Last summer, we were living in a month-to-month rental in Missoula with every intention of returning to Mexico for the winter when we found out that I was pregnant. Suddenly, everything was up in the air. Should we have the baby in Mexico? Should we stay in Missoula, ‘settle down’ and live a ‘normal’ life? What would it be like to give birth in Mexico? Would we be able to keep working south of the border with a newborn? How would we feel if we gave up on our dreams?
Before finding out that I was pregnant, I’d made a little list of goals for the summer. Number one on the list was ‘Apply for Mexican temporary resident visas.’ This would allow us to stay south of the border for a full year instead of just 6 months on a tourist visa. After moving back to Montana for the summer, we were all realizing just how stressful it was to find housing and make a living in two different places. Acquiring the resident visas would also be the first step toward working legally in Mexico. While researching how to do this, I quickly realized that our family didn’t qualify. Mexico had just changed the requirements, so as a family of three we would have to show around $3000/month coming into our account in the States even while in Mexico. We have rental income from renting our house, but it sure isn’t $3000! I asked two different attorneys—one in Mexico and one in the States—and both confirmed it. I really didn’t want to return to Mexico again and work with just a tourist visa and have to cross a border after six months with a 2-month-old baby, a 6-year-old and a dog. So that decided it. We were staying. It was heartbreaking, but it seemed to make sense.
In the midst of all of this, we started putting out feelers to find a full-time, year-round job for Mark. He hadn’t had a ‘real’ job since 2010 when he’d quit as General Manager of the Western Montana Grower’s Cooperative to build our house. Since then, he’d been piecing things together, working seasonally doing ecological restoration to allow for our winter escapes south of the border. On one particularly fear-filled day, I approached someone to inquire about work with their business. Talk turned to meetings, and meetings turned to a sweet job offer. After much hand-wringing and discussion, we decided that he should take the job.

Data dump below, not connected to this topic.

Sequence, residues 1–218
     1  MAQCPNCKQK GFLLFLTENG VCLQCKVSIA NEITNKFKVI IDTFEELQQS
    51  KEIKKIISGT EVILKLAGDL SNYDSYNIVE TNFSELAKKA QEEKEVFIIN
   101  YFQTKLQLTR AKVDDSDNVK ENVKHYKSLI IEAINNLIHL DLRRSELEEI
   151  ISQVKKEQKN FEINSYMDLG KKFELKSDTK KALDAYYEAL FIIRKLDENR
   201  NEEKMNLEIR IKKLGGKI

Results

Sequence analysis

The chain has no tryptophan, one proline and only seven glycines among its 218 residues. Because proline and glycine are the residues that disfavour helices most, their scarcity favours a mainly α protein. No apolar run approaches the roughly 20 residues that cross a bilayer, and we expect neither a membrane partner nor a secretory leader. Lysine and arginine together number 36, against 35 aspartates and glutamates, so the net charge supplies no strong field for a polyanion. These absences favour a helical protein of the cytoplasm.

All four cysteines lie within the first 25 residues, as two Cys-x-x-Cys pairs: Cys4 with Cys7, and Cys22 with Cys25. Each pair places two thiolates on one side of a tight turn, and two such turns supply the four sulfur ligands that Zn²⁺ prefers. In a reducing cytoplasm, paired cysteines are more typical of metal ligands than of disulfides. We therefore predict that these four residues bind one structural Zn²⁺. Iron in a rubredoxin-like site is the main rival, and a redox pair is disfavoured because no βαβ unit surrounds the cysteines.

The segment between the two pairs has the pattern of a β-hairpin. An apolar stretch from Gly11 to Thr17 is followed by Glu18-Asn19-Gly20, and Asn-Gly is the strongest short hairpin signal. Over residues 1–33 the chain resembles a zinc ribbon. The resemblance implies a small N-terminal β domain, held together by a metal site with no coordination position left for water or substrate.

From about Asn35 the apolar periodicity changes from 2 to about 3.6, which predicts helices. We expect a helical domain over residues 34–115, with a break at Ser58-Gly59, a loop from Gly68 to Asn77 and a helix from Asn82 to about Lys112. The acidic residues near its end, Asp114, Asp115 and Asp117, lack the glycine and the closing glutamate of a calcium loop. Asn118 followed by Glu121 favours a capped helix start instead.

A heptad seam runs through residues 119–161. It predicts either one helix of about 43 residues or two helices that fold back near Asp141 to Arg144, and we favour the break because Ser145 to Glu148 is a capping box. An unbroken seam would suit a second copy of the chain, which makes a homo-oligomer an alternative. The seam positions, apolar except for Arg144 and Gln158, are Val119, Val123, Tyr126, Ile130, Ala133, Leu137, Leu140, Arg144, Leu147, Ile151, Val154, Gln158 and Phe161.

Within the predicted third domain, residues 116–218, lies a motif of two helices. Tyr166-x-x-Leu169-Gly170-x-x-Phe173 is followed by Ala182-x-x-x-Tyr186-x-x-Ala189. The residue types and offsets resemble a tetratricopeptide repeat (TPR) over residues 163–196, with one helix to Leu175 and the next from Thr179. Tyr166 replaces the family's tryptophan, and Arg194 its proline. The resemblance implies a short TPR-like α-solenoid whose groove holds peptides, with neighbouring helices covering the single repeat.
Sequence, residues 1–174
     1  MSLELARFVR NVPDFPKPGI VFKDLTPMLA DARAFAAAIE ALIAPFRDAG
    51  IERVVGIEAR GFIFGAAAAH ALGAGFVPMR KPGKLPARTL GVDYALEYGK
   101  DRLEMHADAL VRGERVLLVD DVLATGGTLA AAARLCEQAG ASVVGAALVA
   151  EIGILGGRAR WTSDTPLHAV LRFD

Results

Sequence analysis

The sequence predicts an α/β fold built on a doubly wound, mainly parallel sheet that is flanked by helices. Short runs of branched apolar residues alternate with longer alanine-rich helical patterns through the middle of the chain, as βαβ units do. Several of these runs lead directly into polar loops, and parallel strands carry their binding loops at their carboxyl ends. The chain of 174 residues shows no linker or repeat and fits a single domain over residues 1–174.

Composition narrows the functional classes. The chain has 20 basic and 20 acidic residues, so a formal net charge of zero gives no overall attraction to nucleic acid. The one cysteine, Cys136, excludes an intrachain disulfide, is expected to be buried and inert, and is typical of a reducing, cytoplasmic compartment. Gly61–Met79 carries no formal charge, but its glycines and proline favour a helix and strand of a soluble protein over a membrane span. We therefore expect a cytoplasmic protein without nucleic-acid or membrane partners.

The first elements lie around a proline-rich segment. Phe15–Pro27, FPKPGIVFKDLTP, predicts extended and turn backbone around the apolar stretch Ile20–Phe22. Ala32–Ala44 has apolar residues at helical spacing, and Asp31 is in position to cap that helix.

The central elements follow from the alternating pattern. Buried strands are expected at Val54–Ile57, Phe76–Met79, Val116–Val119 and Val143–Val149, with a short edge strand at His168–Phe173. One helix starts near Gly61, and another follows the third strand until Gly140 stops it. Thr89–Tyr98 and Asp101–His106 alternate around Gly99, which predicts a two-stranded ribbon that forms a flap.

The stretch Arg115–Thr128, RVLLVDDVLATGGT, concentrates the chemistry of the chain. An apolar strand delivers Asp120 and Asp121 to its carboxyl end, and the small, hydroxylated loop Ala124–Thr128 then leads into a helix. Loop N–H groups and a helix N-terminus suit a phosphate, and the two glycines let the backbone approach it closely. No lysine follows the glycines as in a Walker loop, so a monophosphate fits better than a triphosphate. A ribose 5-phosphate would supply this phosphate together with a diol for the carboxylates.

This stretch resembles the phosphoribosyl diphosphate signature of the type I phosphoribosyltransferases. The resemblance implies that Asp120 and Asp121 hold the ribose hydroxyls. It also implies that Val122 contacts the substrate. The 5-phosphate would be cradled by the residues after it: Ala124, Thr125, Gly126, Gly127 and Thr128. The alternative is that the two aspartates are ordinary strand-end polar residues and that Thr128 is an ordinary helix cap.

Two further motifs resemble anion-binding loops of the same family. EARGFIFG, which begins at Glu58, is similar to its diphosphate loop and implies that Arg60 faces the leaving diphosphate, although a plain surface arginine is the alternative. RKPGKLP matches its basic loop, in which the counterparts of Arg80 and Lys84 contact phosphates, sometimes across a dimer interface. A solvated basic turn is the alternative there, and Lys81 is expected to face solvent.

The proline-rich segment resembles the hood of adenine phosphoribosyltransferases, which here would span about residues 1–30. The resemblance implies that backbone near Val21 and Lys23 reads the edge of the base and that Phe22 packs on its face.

Before leaving Mexico, I had applied to be a permanent vendor at a market in La Cruz de Huanacaxtle. At the time, I considered it to be The Best Market in the Bay of Banderas. While we were trying to make the decision about the job offer, I kept saying, “I wish I could find out about the market before we decide anything.” Well, two days after Mark accepted the job, I heard that I’d been given a spot in the market. This alone was amazing news. But on the exact same day, I shot an email to my attorney contact in Mexico asking if having our baby in Mexico would change anything regarding the visa situation. “Absolutely” was the answer. She would be a dual citizen, and we could apply for residency without any problems. Unbelievable. I. Was. Giddy. But shit! Now what?! I knew what it all meant. It was crystal clear to me what it all meant. We should go to Mexico. But we didn’t decide to go for it overnight. Because staying in Montana seemed like the safe choice, the responsible choice. Maybe even the best choice.